|Publication number||US4694561 A|
|Application number||US 06/676,677|
|Publication date||Sep 22, 1987|
|Filing date||Nov 30, 1984|
|Priority date||Nov 30, 1984|
|Also published as||CA1244143A1, CA1258539C, DE3579454D1, EP0203960A1, EP0203960B1, WO1986003333A2, WO1986003333A3|
|Publication number||06676677, 676677, US 4694561 A, US 4694561A, US-A-4694561, US4694561 A, US4694561A|
|Inventors||Joseph Lebowitz, William T. Lynch|
|Original Assignee||American Telephone And Telegraph Company, At&T Bell Laboratories|
|Export Citation||BiBTeX, EndNote, RefMan|
|Patent Citations (10), Non-Patent Citations (11), Referenced by (20), Classifications (24), Legal Events (5)|
|External Links: USPTO, USPTO Assignment, Espacenet|
This invention relates to dynamic random-access-memory (DRAM) arrays made in very-large-scale-integrated (VLSI) form and, more particularly, to a high-performance VLSI DRAM cell that includes a trench capacitor of the high-capacitance (Hi-C) type.
As the trend toward further miniaturization of VLSI DRAM arrays continues, considerable efforts are being directed at trying to reduce the area of the basic memory cell from which the arrays are formed. One such common cell configuration known in the art comprises a single transistor and an associated capacitor, as described, for example in U.S. Pat. No. 3,387,286.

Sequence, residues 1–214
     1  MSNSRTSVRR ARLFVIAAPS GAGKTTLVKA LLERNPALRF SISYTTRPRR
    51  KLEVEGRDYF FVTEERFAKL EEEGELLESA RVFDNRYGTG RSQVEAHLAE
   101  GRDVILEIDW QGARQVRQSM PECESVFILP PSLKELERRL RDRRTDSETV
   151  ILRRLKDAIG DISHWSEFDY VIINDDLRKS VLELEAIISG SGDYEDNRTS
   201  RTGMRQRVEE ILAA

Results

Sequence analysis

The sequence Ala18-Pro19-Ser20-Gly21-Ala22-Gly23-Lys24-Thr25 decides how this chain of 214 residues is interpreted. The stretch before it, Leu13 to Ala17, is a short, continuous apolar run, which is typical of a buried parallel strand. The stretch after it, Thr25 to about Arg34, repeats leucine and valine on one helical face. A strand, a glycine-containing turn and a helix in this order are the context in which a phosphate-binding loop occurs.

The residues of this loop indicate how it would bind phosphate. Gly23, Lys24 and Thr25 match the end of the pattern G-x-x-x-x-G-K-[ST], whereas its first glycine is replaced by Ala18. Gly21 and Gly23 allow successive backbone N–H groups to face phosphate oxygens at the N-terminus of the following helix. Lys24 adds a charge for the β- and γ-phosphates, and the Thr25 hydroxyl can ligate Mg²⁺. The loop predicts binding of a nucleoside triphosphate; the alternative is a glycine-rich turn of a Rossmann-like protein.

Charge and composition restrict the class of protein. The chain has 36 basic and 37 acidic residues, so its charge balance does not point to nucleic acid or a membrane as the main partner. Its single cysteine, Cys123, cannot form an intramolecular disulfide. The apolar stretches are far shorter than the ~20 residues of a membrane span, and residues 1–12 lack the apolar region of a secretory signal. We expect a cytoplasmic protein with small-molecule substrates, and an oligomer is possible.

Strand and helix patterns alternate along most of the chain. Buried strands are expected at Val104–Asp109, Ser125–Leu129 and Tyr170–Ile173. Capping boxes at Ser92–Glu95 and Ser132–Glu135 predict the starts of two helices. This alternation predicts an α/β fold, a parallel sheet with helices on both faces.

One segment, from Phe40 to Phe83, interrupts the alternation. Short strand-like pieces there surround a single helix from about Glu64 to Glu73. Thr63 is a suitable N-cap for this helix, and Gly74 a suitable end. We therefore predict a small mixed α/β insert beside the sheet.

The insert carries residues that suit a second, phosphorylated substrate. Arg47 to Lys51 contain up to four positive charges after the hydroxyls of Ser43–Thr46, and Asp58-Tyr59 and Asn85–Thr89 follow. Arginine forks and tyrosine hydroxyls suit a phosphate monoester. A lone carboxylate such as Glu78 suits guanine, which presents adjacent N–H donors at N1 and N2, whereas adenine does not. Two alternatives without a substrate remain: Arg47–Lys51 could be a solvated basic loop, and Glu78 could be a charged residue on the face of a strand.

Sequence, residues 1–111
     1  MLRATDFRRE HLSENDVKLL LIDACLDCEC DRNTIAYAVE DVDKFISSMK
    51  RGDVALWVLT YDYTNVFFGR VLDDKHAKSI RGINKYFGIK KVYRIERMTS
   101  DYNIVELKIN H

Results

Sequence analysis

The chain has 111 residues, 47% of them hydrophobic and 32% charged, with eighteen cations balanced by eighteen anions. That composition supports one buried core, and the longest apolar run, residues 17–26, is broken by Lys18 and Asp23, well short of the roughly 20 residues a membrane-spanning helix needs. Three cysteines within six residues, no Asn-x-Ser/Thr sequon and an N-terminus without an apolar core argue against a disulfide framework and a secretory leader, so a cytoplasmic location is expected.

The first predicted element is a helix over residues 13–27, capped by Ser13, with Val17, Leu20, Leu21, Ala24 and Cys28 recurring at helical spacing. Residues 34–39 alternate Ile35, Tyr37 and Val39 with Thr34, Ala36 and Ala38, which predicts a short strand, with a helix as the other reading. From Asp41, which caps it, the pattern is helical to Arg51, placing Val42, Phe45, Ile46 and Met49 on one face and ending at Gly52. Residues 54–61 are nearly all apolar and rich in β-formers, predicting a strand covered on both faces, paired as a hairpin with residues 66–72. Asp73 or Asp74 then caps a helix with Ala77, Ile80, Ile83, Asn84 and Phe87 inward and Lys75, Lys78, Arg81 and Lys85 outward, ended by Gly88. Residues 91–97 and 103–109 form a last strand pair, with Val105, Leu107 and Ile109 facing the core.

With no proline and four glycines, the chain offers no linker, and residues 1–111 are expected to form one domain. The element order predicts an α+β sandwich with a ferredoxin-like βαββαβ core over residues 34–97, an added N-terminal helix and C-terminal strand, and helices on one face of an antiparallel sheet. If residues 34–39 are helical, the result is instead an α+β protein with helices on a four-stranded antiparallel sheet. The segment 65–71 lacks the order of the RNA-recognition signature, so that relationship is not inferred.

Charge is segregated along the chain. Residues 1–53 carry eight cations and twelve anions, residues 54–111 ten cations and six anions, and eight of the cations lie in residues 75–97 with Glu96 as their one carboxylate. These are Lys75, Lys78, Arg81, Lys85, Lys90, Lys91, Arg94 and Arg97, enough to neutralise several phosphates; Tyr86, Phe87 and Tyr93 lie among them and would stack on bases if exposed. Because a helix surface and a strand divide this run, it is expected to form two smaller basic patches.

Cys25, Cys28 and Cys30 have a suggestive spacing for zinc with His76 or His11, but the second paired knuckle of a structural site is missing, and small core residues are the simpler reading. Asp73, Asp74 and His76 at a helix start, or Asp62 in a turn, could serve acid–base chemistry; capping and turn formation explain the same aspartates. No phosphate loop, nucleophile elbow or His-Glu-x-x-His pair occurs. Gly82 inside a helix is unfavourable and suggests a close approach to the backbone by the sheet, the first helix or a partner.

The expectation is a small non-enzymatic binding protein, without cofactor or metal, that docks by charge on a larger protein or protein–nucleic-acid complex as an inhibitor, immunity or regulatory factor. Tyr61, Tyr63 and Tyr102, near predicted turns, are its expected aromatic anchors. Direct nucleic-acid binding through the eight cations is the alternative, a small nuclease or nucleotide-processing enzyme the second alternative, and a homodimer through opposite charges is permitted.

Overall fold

In practice, the surface area of conventional planar-type capacitors included in VLSI DRAM memory cells has been reduced to the point where the charge capacity of such a small-area capacitor barely exceeds the charge levels produced by noise mechanisms such as those attributable to alpha particles. Even planar capacitors of the so-called Hi-C type do not satisfy some of the current design requirements specified for increasingly small-area VLSI DRAM memory cells. (See, for example, "The Hi-C RAM Cell Concept" by A. F. Tasch et al, IEEE Transactions on Electron Devices, Vol. Ed-25, No. 1, January 1978, pages 33-41, for a description of a planar Hi-C memory capacitor.)